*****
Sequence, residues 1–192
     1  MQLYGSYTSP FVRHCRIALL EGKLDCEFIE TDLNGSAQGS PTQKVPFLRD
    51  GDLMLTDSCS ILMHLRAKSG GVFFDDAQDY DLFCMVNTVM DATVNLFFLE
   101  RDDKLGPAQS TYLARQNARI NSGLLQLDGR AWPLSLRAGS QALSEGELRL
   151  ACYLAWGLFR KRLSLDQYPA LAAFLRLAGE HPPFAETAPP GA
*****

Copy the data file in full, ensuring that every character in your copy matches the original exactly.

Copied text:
Sequence, residues 1–192
     1  MQLYGSYTSP FVRHCRIALL EGKLDCEFIE TDLNGSAQGS PTQKVPFLRD
    51  GDLMLTDSCS ILMHLRAKSG GVFFDDAQDY DLFCMVNTVM DATVNLFFLE
   101  RDDKLGPAQS TYLARQNARI NSGLLQLDGR AWPLSLRAGS QALSEGELRL
   151  ACYLAWGLFR KRLSLDQYPA LAAFLRLAGE HPPFAETAPP GA